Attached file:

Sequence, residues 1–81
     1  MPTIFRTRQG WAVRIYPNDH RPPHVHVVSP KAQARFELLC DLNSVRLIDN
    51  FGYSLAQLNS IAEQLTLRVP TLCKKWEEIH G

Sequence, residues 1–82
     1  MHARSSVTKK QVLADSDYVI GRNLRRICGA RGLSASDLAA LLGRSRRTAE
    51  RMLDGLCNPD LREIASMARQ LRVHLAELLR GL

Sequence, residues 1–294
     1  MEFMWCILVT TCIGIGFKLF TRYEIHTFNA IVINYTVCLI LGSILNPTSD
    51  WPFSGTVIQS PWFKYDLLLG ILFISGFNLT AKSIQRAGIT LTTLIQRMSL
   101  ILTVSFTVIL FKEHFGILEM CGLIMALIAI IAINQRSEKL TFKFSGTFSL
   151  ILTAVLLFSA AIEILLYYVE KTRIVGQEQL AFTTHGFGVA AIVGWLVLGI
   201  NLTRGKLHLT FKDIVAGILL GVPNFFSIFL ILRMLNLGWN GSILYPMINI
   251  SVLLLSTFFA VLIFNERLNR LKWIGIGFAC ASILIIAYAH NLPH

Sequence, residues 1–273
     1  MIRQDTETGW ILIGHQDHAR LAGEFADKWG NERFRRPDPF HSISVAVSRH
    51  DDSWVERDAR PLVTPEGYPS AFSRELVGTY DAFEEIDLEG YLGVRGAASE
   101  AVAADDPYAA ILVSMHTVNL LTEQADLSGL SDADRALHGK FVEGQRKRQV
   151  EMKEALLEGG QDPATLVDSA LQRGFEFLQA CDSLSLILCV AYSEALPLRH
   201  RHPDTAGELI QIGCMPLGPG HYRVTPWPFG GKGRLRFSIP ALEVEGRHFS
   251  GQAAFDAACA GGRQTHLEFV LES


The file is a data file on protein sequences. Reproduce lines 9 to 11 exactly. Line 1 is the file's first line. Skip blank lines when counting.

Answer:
    51  WPFSGTVIQS PWFKYDLLLG ILFISGFNLT AKSIQRAGIT LTTLIQRMSL
   101  ILTVSFTVIL FKEHFGILEM CGLIMALIAI IAINQRSEKL TFKFSGTFSL
   151  ILTAVLLFSA AIEILLYYVE KTRIVGQEQL AFTTHGFGVA AIVGWLVLGI